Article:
Soyinka: Rationality, Ethics, and Nigerian History, By Adeolu Ademoyo

Adeolu Ademoyo

As a Nigerian citizen who works with other citizens in PREMIUM TIMES for the public good of our country, one is always burdened and weighed down by our previous attempts and efforts at-substantively speaking-“making Nigeria work and great”.

Faced with obvious ethnic and religious divide-what Mr. Wole Soyinka has called a  “Nigerian disease of self attribution”-a citizen’s nationalist energy is often mocked by daily jingoist jingles from some fellow citizens.

In accepting to provoke debates for a nationalist rebirth, we are aware of the tweets of retreat from the center and from the nation by some. We see a defense of tents, huts, religion, villages, hamlets, zones, “my own” “our own” “your own” “their own” “they” “us” and we wonder if we (me and my colleagues in PREMIUM TIMES) are not alone in our belief about Nigeria’s possibilities and need for a nationalist rebirth.

Then something happened a while ago. One of the two surviving member of the Nigerian literary “quartet” spoke. The eternal had called the other two of the “quartet”-Christopher Okigbo and Chinua Achebe- may their souls rest in profound peace. Of the two that remain-Mr. J.P. Clark and Mr. Wole Soyinka, the latter opened up, and breathed life and coherence into my muffled and sometimes incoherent thought.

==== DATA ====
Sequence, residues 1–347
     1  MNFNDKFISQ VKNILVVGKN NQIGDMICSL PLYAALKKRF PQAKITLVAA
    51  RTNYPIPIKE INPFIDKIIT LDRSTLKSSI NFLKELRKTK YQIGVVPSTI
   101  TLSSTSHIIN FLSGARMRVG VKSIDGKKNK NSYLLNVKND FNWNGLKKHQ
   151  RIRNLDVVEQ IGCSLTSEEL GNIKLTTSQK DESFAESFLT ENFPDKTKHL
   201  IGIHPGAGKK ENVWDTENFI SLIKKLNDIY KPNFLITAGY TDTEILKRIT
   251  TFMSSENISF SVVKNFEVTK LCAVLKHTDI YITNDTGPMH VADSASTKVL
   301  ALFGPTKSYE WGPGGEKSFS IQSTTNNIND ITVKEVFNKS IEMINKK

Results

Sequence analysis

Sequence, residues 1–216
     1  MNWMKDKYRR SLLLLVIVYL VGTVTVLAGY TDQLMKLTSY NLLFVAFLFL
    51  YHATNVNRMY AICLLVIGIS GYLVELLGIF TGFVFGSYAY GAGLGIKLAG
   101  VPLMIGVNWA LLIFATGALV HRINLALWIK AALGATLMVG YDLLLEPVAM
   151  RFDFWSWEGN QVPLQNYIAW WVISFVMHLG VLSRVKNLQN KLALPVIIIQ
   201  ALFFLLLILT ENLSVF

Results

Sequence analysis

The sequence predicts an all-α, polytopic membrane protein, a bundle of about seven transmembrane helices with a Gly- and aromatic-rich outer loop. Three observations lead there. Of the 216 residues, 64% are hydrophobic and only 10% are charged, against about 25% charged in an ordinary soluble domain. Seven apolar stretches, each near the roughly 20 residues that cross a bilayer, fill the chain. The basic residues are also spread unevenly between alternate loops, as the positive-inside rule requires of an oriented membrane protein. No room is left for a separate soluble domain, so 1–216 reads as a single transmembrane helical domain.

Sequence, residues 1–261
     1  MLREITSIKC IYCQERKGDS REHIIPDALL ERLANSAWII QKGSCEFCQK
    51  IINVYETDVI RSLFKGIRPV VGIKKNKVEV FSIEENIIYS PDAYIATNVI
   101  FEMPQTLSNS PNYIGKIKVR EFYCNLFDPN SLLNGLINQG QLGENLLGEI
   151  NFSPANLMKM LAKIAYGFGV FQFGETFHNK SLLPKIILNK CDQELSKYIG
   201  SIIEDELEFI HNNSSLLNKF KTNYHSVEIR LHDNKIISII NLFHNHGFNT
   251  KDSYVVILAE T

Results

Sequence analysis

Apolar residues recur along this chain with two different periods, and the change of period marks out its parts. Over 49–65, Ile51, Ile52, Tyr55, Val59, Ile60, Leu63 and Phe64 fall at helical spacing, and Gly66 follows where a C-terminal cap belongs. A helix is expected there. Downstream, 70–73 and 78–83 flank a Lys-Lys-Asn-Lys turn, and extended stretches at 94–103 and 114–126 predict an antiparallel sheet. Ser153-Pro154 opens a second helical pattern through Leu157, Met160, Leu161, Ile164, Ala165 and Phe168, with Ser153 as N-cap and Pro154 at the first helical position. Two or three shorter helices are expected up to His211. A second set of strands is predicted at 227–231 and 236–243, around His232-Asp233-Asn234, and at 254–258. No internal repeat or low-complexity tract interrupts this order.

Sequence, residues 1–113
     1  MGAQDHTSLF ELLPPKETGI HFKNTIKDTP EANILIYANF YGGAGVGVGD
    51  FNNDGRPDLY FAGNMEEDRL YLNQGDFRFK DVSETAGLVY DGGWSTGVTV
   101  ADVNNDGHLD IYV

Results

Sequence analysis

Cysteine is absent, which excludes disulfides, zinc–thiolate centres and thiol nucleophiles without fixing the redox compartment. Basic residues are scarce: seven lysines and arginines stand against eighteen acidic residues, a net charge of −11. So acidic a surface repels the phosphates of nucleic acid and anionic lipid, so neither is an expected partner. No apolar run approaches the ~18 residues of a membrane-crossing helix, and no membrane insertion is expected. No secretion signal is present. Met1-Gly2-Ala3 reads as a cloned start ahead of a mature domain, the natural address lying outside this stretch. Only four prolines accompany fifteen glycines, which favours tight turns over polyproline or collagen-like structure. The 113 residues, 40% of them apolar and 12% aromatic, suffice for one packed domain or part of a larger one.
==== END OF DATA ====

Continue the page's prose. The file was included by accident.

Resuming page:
When he spoke, it is as if he lives in me and I live in him with respect to the need for a nationalist rebirth and a negation of the “Nigerian disease of self attribution”. With vintage exactitude, he poured tonic into my incoherent voice. He took it, filled it, and gave it back to me.

Here him in me and me in him:  “It is a Nigerian disease. Nigerians need to be purged of a certain kind of arrogance of expectations, of demand, of self-attribution, of a spurious sense and assertion of entitlement. It goes beyond art and literature. It covers all aspects of interaction with others. Wherever you witness a case of ‘It’s MINE, and no other’s’, ‘it’s OURS, not theirs’, at various levels of vicarious ownership, such aggressive voices, ninety percent of the time, are bound to be Nigerians.